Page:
Calm before the Cardiff storm
Forget the waiting - it's over. The ground's been built, the pitch unveiled, the players practised on the outfield.
Glenn McGrath made his 5-0 whitewash prediction? Check. Blazered captains posed with the urn? Yup. The favourite old Ashes clips - Willis flapping in at Headingley, Warne bamboozling Gatt, Bradman laying elegant waste - all have been exhumed and enjoyed afresh.
That much we know. What no-one can predict with any confidence is what will happen out in the middle over the next 47 days.
It can't be as close as it was four years ago. It can't be as one-sided as it was two years ago. Beyond that, we're all left guessing and finger-crossing.
The big topic of discussion in town? That pitch.
Everyone who can has been out for a gander. Mike Hussey knelt down on it with his palms outstretched, like a pilgrim in supplication. Andrew Strauss and Andy Flower stroked chins and talked in mumbles. ECB pitch consultant Chris Wood and Glamorgan groundsman Keith Exton poked at it with a screwdriver - gently, of course.
The consensus is that it it'll take spin by day four, its brownish colouring indicating that there shouldn't be much pace or jump - but no-one is really sure.
Drainage improvements to the ground have made it the driest patch of turf for miles, although for anyone who has lived in Cardiff, the idea of the city producing a turning dustbowl is a difficult concept to get the head around. Rain in recent days has also clouded both the sky and people's thinking, which is why both teams delayed naming their final XIs until the morning of the match.
Cardiff is undoubtedly ready for its first ever Test. All 16,000 tickets have been sold for the first three days, with only a smattering of hospitality slots left for Saturday.
To the naysayers who ask why Lord's wasn't first, or why Old Trafford's got the elbow altogether, it's too late to complain. This is a city used to handling the biggest sporting occasions. If it can stage FA Cup finals and successive Grand Slam deciders, it can handle the Ashes.
To those bemoaning the fact that there are no born and bred Welshmen in the England team, there are silver linings. Not only is Alistair Cook's mum Stephanie from Swansea (as a child he honed his cricketing skills on the beach at Caswell Bay, on the Gower Peninsula) but the 12th man for the match is Glamorgan's Tom Maynard, son of the county's director of cricket Matthew.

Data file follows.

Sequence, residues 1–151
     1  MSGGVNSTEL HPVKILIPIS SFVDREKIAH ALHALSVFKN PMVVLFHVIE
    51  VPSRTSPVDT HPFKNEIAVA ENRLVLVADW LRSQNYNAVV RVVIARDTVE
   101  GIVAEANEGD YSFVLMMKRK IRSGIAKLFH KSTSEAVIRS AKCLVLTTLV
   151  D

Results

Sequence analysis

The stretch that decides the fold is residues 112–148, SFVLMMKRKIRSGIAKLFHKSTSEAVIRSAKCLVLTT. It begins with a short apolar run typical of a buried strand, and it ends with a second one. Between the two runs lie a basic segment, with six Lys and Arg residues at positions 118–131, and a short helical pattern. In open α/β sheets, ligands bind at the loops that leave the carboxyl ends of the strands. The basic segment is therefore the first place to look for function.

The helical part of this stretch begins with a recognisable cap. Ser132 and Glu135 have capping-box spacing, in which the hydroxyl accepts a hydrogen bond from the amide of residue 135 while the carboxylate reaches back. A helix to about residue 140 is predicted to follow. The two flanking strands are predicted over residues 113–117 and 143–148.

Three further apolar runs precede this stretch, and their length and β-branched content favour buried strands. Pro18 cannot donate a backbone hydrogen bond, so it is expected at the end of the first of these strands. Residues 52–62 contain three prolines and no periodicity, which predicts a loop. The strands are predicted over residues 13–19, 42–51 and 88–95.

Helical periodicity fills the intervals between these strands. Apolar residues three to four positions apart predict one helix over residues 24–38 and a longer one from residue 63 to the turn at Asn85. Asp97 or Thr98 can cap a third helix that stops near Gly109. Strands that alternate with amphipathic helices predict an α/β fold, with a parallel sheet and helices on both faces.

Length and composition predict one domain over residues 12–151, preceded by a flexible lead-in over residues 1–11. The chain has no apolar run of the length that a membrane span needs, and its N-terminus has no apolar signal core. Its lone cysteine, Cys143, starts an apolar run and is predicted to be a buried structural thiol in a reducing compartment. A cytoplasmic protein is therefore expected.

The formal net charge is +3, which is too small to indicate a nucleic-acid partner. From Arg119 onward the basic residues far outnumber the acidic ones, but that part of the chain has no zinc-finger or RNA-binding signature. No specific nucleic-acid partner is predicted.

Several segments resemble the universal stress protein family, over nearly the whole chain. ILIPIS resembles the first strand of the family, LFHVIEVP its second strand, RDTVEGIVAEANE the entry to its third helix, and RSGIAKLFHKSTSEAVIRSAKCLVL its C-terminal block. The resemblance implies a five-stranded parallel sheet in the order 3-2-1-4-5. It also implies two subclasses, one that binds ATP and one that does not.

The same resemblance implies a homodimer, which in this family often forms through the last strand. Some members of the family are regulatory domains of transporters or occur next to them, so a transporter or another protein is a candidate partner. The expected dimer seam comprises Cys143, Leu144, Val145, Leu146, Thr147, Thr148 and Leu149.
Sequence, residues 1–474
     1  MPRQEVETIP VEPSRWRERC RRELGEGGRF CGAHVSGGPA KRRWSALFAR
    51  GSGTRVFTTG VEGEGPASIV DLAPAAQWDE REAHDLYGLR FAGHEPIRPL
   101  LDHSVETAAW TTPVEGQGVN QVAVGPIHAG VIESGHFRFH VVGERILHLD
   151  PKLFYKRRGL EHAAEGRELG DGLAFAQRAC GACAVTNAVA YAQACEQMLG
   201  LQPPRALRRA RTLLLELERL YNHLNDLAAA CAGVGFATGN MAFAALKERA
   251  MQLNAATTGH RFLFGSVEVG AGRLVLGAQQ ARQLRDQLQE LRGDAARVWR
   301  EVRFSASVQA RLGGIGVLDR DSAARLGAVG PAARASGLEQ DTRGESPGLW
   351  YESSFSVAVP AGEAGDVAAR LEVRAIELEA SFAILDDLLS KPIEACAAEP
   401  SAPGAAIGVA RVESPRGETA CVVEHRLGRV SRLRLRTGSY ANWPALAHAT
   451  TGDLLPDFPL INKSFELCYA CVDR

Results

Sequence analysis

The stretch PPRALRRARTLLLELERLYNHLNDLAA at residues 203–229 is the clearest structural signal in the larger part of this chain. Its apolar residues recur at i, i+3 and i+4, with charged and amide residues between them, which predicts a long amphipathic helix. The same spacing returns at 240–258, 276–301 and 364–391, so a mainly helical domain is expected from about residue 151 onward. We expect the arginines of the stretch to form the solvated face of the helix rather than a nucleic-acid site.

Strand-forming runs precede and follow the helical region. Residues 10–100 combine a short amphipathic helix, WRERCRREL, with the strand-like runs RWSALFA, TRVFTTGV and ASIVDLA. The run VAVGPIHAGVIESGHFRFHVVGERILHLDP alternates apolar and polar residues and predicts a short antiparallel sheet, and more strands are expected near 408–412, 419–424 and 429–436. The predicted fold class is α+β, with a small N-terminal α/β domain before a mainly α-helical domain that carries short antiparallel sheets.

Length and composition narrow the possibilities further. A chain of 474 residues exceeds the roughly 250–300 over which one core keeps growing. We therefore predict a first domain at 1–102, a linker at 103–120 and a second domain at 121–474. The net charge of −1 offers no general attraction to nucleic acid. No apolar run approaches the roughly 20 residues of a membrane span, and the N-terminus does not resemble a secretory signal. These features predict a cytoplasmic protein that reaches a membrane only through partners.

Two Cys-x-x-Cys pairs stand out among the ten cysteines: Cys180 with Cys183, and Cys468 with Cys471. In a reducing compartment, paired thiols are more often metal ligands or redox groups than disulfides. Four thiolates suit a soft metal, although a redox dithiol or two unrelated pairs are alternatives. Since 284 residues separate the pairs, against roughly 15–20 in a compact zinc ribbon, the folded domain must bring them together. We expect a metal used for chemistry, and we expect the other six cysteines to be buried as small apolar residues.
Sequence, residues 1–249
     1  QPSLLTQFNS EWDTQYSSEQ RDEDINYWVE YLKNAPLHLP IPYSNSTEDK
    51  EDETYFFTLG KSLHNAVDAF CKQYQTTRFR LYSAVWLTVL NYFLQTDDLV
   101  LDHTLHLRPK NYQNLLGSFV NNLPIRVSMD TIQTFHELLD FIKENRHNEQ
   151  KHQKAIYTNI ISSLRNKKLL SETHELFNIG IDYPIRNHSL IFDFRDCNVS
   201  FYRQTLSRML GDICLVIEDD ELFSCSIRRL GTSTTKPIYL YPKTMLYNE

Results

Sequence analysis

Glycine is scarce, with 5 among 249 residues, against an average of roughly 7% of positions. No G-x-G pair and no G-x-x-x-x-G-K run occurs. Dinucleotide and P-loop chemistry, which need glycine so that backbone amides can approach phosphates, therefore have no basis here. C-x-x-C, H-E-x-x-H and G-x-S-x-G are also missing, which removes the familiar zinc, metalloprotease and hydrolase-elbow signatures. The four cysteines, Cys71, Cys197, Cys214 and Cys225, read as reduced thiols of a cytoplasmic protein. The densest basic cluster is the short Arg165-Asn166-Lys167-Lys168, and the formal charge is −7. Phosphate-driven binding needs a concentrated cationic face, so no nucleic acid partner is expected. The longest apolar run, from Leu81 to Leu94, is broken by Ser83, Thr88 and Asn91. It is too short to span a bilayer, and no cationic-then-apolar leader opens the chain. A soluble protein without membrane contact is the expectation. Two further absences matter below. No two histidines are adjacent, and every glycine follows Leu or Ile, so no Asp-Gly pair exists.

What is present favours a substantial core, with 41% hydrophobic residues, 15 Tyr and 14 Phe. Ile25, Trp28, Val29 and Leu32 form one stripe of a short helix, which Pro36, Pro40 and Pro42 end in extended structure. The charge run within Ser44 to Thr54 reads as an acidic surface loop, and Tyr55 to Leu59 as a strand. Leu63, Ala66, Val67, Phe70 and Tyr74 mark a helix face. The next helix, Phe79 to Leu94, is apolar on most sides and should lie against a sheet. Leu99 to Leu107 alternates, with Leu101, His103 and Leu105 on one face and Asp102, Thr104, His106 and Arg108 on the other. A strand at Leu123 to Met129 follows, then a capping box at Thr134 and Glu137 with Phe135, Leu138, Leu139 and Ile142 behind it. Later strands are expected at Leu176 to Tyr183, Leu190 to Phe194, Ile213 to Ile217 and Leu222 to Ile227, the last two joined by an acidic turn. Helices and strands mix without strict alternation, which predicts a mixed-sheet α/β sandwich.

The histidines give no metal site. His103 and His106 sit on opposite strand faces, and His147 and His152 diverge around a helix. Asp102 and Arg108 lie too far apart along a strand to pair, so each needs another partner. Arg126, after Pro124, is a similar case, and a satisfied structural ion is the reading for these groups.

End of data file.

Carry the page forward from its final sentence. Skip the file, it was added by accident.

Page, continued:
Late on Tuesday at the ground once known as Sophia Gardens, the stark new grandstands stood empty, the big blue banks of seats looking east across the Taff and north to Pontcanna Fields.
The strains of Delilah and Bread of Heaven were ringing out from a male voice choir getting a final dress rehearsal in. Katherine Jenkins had been and gone, her version of Advance Australia Fair drawing cartoon boos from the lads building the booze and burger concessions all around.
In town, there were no gold-shirted revellers cartwheeling through Castle Arcade or falling out of bars on St Mary Street - not yet, anyway.
It's as if the city decided on a collective early night in preparation for the five days to follow. The only drinks raised so far have been to absent friends - Shane Warne, Glenn McGrath, Michael Vaughan, Simon Jones, and now Brett Lee.
It'll change. The first wave of Australia fans are parked up in a makeshift campsite just north of the ground, yellow sunhats on, cans of beer in hand
From both sets of supporters there is a mood of cautious optimism. "We beat South Africa at their place, you couldn't beat them at yours," said Brent, originally from Brisbane but up from London for the duration. "Your lot bang on about 2005, but it's like 2007 never happened."
Steve, an England fan loosening up with a nerve-calmer in the Beverley pub, is taking comfort in omens. "We never beat them at Lord's, so it makes sense to start off here. And Graeme Swann's the best bowler in Test cricket this year, so let's see how they handle him."
Four years ago cricket stepped outside mere sporting circles and transfixed an entire nation all summer. It's a lot to ask for it to do the same again this time around, but we shall see. Strange and wonderful things can happen in seven Ashes weeks.